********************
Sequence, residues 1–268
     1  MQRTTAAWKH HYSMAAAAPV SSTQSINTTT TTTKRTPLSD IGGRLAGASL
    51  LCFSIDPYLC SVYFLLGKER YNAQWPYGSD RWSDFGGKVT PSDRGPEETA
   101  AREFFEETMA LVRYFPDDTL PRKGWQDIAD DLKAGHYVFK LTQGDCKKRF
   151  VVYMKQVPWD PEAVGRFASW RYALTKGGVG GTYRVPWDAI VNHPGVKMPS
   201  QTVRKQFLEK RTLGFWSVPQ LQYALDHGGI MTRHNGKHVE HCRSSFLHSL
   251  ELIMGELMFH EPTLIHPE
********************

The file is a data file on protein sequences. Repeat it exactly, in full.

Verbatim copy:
Sequence, residues 1–268
     1  MQRTTAAWKH HYSMAAAAPV SSTQSINTTT TTTKRTPLSD IGGRLAGASL
    51  LCFSIDPYLC SVYFLLGKER YNAQWPYGSD RWSDFGGKVT PSDRGPEETA
   101  AREFFEETMA LVRYFPDDTL PRKGWQDIAD DLKAGHYVFK LTQGDCKKRF
   151  VVYMKQVPWD PEAVGRFASW RYALTKGGVG GTYRVPWDAI VNHPGVKMPS
   201  QTVRKQFLEK RTLGFWSVPQ LQYALDHGGI MTRHNGKHVE HCRSSFLHSL
   251  ELIMGELMFH EPTLIHPE